- Archer: protecting your people from a distance;
- Soldier: protecting your people in close combat;
- Mage: increase your knowledge of magic by casting spells;
- Explorer: finding powerful treasures.
During your turn, each character can choose up to 2 actions (travel, harvest or defend). At the beginning of the game, you’ll want to harvest as many resources as possible. Then you can expand your team to take more actions, and earn Prosperity points faster!
You can promote all characters by paying resources, this improves there rolls and increases their health and/or spirit. When you promote one of your team members, attach the “promo token” on the character.
The tokens are a great addition to the game, make sure not to push too hard when attaching them. And if one might break, Board & Tale Games has you covered. If you’ve lost or broken something, send them a message and they’ll help you out.
Replacement parts are free for life.
When your team grows, you’ll need to think ahead how to use the 2 actions you’ve got. Especially when the monsters show up….
Meet the team
Time for some upgrades!
From Peasant to Cultivator!
The bad guys
Someone is in trouble...
Fighting the grim reaper
When traveling the world of Stratos, trying to earn riches, there will be monsters trying to defend these riches. There is an easy monster encounter table, that requires you to roll 2 dice and compare these to the number of Prosperity points you have. If you’re unlucky you could encounter a Jabberwock, Kraken or even a Grim Reaper…
Defeating these monsters will earn you 2 PP. But it will take cunning, strength, and maybe even cooperation with the other tribe(s) to succeed!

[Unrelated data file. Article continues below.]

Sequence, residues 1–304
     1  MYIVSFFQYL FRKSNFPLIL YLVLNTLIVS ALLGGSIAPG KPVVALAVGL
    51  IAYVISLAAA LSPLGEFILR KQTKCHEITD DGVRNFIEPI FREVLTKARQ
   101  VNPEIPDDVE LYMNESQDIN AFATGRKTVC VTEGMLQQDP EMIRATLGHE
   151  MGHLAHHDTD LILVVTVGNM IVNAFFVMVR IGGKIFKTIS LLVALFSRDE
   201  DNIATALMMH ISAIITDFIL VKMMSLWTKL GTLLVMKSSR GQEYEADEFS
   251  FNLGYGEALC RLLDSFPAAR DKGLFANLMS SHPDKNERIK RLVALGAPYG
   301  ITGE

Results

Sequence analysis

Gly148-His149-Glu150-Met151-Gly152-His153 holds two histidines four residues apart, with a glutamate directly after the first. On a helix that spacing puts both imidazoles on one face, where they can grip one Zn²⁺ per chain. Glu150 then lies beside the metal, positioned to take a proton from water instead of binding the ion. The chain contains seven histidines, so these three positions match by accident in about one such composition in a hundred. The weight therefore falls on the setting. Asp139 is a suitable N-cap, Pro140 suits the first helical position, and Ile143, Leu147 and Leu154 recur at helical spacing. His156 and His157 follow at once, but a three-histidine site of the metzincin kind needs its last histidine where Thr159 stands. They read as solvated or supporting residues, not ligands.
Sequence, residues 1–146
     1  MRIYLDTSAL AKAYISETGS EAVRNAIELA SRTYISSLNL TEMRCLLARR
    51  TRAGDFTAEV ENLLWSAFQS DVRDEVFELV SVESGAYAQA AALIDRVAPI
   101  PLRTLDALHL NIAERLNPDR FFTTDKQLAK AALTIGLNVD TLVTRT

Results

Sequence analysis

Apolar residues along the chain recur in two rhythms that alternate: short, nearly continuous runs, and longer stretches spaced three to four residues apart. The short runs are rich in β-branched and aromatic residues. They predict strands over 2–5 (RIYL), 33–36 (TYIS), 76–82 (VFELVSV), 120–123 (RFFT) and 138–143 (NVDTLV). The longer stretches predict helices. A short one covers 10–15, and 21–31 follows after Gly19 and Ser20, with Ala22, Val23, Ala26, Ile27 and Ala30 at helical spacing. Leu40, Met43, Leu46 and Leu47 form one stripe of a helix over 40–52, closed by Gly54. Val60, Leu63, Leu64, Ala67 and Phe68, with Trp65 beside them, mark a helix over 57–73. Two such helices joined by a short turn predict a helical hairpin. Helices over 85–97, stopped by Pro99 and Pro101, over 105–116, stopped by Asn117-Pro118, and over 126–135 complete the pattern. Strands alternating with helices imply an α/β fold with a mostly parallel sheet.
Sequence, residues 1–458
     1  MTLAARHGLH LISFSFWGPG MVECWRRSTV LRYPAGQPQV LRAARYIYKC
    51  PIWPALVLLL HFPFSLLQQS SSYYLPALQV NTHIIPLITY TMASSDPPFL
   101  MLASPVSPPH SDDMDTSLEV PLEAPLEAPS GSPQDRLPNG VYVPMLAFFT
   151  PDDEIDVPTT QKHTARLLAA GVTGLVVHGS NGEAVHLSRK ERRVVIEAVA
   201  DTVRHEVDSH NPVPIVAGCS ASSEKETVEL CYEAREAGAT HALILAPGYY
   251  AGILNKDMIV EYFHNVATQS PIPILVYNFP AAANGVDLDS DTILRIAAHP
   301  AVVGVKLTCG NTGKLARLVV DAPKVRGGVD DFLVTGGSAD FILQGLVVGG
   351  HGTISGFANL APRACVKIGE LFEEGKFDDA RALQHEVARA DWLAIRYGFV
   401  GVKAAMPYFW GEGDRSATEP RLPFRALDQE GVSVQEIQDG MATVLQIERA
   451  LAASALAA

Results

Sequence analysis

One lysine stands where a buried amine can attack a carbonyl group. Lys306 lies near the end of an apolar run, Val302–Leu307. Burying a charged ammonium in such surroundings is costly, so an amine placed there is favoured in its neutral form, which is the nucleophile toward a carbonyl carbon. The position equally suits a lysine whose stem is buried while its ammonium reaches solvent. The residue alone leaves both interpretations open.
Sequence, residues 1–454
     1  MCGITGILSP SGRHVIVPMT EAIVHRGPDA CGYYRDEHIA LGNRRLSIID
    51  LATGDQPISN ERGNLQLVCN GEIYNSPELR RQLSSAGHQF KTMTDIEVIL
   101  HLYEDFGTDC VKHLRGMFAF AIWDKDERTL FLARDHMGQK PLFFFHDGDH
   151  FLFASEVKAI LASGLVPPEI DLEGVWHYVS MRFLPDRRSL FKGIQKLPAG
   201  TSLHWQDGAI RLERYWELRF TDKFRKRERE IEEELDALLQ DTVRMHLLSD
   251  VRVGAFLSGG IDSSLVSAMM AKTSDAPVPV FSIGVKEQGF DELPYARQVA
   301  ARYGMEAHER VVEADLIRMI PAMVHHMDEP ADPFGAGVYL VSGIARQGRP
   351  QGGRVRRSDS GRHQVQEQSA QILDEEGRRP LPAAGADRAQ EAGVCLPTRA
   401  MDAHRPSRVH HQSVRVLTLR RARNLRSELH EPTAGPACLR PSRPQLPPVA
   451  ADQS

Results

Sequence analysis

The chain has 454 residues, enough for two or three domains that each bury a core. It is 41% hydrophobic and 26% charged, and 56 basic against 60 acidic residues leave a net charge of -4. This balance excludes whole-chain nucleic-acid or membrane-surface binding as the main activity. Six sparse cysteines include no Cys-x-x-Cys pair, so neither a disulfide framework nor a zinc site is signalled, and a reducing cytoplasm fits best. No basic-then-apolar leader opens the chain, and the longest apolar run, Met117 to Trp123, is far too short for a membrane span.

Rolling the dice, especially in combat can be quite a challenge. There is a luck factor when rolling the dice, and of course, I only rolled 1’s and some fails.
How Ferry Nice is this game?
In a game of Stratos: Light in the Darkness a lot can happen. Exploration, attacking, gathering, even the board itself can change! This increases the fun and replay value.
The different strategies and playing styles I’d like to compare with Scythe and that’s what I like the most. You choose if you go offensive, defensive, or something totally different like exploring and gathering.
The combat for example, if you’ve gathered enough power- and combat cards in Scythe, this adds up to the equipment a character might have in Stratos. Especially if you want to take control of the special tiles (the Factory in Scythe).
If you’re familiar with King of the Dice, gathering resources is similar in Stratos. When you’re lucky and get good rolls, you’ll gather resources and win combat quickly. If you don’t, you’ll end up with fewer resources or Prosperity Points! There is a luck factor when rolling the dice, but this makes the game interesting.
The game has a lot of components, the design is unique, and having multiple ways to win the game makes it an excellent board game!
Players: 2 if you have the base game, and up to 7 if you add more games.
Playing time: 30/60 minutes for the base game, 60+ minutes if you add more games.
Complexity rating: 3,5/5
Fun factor: 4/5
Overall score: 4,5/5